State of U.P. through C.B.I. v. Amarmani Tripathi, (2005) 8 SCC 21: AIR 2005 SC 3490
1. The matters to be considered in an application for bail are:
(i) whether there is any prima facie or reasonable ground to believe that the accused had committed the offence;
(ii) nature and gravity of the charge;
(iii) severity of the punishment in the event of conviction;
(iv) danger of accused absconding or fleeing if released on bail;
(v) character, behaviour, means, position and standing of the accused;
(vi) likelihood of the offence being repeated;
(vii) reasonable apprehension of the witnesses being tampered with; and
(viii) danger, of course, of justice being thwarted by grant of bail [See Prahlad Singh Bhati v. NCT, Delhi, (2001) 4 SCC 280 and Gurcharan Singh v. State (Delhi Administration), AIR 1978 SC 179]. While a vague allegation that accused may tamper with the evidence or witnesses may not be a ground to refuse bail, if the accused is of such character that his mere presence at large would intimidate the witnesses or if there is material to show that he will use his liberty to subvert justice or tamper with the evidence, then bail will be refused.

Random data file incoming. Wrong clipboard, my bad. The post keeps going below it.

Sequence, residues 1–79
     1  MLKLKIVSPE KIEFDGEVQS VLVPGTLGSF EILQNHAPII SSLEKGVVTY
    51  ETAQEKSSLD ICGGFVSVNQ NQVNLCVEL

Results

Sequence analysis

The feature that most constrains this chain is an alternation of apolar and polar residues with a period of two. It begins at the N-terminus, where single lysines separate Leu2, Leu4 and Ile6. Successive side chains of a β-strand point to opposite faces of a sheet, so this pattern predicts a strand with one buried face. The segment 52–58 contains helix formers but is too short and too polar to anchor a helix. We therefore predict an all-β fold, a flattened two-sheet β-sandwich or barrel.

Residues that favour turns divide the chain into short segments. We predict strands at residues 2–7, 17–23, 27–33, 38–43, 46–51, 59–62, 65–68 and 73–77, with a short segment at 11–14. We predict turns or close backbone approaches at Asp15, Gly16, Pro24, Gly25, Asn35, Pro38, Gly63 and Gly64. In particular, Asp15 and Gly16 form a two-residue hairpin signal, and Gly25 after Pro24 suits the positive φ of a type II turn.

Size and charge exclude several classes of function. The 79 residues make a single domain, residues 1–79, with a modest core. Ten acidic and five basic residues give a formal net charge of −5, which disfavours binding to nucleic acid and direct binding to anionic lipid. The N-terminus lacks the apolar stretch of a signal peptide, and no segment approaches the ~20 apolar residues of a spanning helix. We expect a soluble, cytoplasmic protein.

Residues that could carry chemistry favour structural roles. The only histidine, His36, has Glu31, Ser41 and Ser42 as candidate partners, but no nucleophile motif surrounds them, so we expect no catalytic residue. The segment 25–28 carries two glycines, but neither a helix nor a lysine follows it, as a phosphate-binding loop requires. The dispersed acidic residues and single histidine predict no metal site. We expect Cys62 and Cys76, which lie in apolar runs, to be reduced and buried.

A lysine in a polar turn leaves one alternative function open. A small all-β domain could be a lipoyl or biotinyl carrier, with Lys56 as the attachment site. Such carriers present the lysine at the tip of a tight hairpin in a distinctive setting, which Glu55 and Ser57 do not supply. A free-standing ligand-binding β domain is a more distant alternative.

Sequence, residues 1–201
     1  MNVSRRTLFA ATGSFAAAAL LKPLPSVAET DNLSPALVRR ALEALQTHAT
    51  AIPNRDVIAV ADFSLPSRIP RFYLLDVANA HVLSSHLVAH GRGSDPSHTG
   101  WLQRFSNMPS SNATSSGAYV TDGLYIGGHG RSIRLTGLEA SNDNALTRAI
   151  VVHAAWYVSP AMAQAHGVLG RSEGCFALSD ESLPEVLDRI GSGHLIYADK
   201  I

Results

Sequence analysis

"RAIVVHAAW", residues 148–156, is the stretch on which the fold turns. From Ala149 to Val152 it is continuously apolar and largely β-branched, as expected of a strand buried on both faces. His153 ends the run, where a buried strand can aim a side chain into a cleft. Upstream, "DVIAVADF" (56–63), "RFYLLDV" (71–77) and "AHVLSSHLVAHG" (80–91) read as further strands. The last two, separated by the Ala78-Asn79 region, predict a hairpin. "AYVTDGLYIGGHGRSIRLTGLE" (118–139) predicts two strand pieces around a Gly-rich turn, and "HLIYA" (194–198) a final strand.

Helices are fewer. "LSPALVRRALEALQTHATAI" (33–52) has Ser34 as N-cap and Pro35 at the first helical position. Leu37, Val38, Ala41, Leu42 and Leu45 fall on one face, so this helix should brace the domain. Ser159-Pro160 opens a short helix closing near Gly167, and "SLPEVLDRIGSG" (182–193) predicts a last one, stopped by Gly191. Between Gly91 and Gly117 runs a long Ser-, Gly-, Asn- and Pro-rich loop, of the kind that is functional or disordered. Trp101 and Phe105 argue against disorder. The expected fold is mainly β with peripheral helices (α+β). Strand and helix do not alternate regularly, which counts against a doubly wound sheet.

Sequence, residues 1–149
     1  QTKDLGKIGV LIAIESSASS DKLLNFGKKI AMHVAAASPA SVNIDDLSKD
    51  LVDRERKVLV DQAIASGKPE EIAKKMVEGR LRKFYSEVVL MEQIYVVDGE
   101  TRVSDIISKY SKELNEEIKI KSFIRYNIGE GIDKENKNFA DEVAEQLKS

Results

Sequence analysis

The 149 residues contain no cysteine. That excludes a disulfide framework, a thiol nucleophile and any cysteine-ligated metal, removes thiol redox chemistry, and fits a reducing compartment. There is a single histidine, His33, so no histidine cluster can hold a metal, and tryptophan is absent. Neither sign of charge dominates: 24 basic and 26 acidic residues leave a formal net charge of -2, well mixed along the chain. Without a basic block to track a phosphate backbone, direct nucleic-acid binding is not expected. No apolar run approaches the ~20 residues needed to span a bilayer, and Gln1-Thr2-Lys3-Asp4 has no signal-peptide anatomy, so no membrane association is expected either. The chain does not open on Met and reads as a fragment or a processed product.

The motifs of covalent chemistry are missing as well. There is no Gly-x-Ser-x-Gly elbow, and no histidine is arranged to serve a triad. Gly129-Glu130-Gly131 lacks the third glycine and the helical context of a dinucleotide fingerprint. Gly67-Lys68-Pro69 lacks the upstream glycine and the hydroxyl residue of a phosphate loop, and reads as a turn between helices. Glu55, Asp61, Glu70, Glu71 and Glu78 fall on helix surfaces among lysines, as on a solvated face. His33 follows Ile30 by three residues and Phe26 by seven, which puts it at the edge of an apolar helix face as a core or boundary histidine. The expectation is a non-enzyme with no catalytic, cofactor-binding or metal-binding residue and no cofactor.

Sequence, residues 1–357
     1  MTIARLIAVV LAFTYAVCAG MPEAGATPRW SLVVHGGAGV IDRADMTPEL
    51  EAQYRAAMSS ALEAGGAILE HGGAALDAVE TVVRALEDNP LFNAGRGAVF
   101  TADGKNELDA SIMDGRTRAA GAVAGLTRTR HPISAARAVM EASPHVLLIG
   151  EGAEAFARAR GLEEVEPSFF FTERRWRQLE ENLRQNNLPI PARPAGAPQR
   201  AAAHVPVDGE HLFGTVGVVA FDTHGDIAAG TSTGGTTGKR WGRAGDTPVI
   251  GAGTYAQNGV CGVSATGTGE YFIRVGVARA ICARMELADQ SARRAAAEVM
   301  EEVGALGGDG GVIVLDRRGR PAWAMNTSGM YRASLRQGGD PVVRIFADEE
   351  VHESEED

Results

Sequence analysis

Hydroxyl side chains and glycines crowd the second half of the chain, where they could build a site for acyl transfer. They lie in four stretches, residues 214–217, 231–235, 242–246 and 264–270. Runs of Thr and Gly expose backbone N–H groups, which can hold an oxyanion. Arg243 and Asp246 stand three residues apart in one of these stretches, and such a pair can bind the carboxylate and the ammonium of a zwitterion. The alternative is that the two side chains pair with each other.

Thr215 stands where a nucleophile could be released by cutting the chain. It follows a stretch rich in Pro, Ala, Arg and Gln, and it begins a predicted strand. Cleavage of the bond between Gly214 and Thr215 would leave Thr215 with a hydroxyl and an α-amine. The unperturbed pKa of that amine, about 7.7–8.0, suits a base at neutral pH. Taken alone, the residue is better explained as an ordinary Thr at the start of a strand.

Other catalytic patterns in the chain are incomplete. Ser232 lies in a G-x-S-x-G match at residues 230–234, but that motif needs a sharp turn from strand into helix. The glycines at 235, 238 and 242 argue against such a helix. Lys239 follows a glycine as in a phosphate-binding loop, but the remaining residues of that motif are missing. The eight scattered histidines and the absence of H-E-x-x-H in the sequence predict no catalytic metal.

We may also refer to the following principles relating to grant or refusal of bail stated in Kalyan Chandra Sarkar v. Rajesh Ranjan, (2004) 7 SCC 528: 2004 SCC (Cri) 1977: “The law in regard to grant or refusal of bail is very well-settled. The Court granting bail should exercise its discretion in a judicious manner and not as a matter of course. Though at the stage of granting bail a detailed examination of evidence and elaborate documentation of the merit of the case need not be undertaken, there is a need to indicate in such orders reasons for prima facie concluding why bail was being granted particularly where the accused is charged of having committed a serious offence. Any order devoid of such reasons would suffer from non-application of mind. It is also necessary for the Court granting bail to consider among other circumstances, the following factors also before granting bail; they are:
(a) The nature of accusation and the severity of punishment in case of conviction and the nature of supporting evidence.
(b) Reasonable apprehension of tampering with the witness or apprehension of threat to the complainant.
(c) Prima facie satisfaction of the court in support of the charge. [See Ram Govind Upadhyay v. Sudarshan Singh, (2002) 3 SCC 598: 2002 SCC (Cri) 688 and Puran v. Rambilas, (2001) 6 SCC 338: 2001 SCC (Cri) 1124].”